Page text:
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Marlies Hoogvliet - Partner
Contactless payments, connected cars, wearable devices, the Internet of Things – just to name a few applications of NXP’s highly advanced technology. Innovation is what drives NXP, and NXP drives innovation. As the world’s number one supplier of automotive semiconductors and general-purpose microcontroller (MCU) products, the company has a strong focus on secure connectivity solutions. As CEO Rick Clemmer puts it: “We are emerging as the leader in the Secure Connections – and the supporting infrastructure – for the Smarter World domain.” Key industries using NXP’s solutions are automotive, healthcare, security, mobile and wireless technology. Some of the company’s largest clients include Amazon, Apple, Bosch, Continental, Huawei and Samsung.
NXP originates from the Semiconductor Products Division of Philips. In 2010, the company started trading independently on the NASDAQ stock exchange. In December 2015, the merger with US-based Freescale Semiconductors was completed. With combined revenue of over $10 billion, the new company proceeds under the name NXP. Headquartered at the High Tech Campus in Eindhoven, NXP leads operations in over 35 countries with a total workforce of 45,000 employees.
In the semiconductor industry, major targets in the manufacturing roadmap are called ‘nodes’. The node is named after the smallest spacing between repeated features on a chip (the ‘gate’) along one direction. So if the gate between is 14 nanometers across, that chip meets the 14 nanometer node. That space would be too narrow for most viruses to fit through. The technology used to create these chips is called electron beam lithography. At every scale reduction, it encounters different material behavior and challenges. A team of world-class engineers and experts is dedicated to the quest for the next node.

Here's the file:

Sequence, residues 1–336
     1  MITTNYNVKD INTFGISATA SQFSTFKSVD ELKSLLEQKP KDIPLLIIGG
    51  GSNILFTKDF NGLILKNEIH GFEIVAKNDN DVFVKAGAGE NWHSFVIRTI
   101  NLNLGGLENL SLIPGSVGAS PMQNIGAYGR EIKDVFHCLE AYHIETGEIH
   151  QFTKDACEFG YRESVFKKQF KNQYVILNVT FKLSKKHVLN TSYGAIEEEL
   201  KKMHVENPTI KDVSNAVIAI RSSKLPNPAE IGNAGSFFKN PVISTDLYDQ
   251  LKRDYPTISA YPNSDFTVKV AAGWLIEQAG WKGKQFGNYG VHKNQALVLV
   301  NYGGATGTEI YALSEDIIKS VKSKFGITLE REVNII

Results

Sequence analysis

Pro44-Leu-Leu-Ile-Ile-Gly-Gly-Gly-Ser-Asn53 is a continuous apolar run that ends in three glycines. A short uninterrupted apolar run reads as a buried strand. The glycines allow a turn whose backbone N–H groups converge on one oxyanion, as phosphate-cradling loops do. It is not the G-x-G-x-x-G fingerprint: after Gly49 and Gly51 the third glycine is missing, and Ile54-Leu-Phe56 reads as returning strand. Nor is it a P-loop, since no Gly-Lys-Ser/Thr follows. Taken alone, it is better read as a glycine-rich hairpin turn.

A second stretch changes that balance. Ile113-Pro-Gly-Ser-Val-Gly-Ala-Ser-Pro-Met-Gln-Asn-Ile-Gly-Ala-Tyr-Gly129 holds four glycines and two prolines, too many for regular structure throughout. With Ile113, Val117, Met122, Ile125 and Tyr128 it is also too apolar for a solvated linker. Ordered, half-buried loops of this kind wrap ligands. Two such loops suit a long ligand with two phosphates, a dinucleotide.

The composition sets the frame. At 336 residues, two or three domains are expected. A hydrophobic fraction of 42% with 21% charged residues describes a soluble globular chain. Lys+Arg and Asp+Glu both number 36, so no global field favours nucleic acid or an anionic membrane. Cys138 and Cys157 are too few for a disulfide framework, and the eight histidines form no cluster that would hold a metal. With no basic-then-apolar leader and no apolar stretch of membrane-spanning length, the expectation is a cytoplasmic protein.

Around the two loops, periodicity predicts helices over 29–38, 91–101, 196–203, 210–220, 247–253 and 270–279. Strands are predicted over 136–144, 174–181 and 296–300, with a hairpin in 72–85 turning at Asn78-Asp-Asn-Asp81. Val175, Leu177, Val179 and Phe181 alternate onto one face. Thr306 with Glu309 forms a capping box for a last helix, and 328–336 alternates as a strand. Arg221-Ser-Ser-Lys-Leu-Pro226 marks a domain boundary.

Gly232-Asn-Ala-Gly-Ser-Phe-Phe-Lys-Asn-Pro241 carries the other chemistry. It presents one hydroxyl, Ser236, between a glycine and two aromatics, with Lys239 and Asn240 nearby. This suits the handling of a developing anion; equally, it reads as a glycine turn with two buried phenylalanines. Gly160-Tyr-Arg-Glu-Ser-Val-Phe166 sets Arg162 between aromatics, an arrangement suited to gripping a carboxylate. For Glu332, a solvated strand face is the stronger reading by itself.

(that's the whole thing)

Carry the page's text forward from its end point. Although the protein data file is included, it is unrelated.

So far, the progress of reaching new nodes has been dictated by Moore’s Law, although a recent article in Nature explains why the industry is researching alternatives to today’s silicon technology and new predictive models. Expectations are that by the early 2020s, the industry may reach the 2–3 nanometre limit, where features are just ten atoms across. At that scale, electron behavior will be subjected to quantum uncertainties that will make transistors quite unreliable.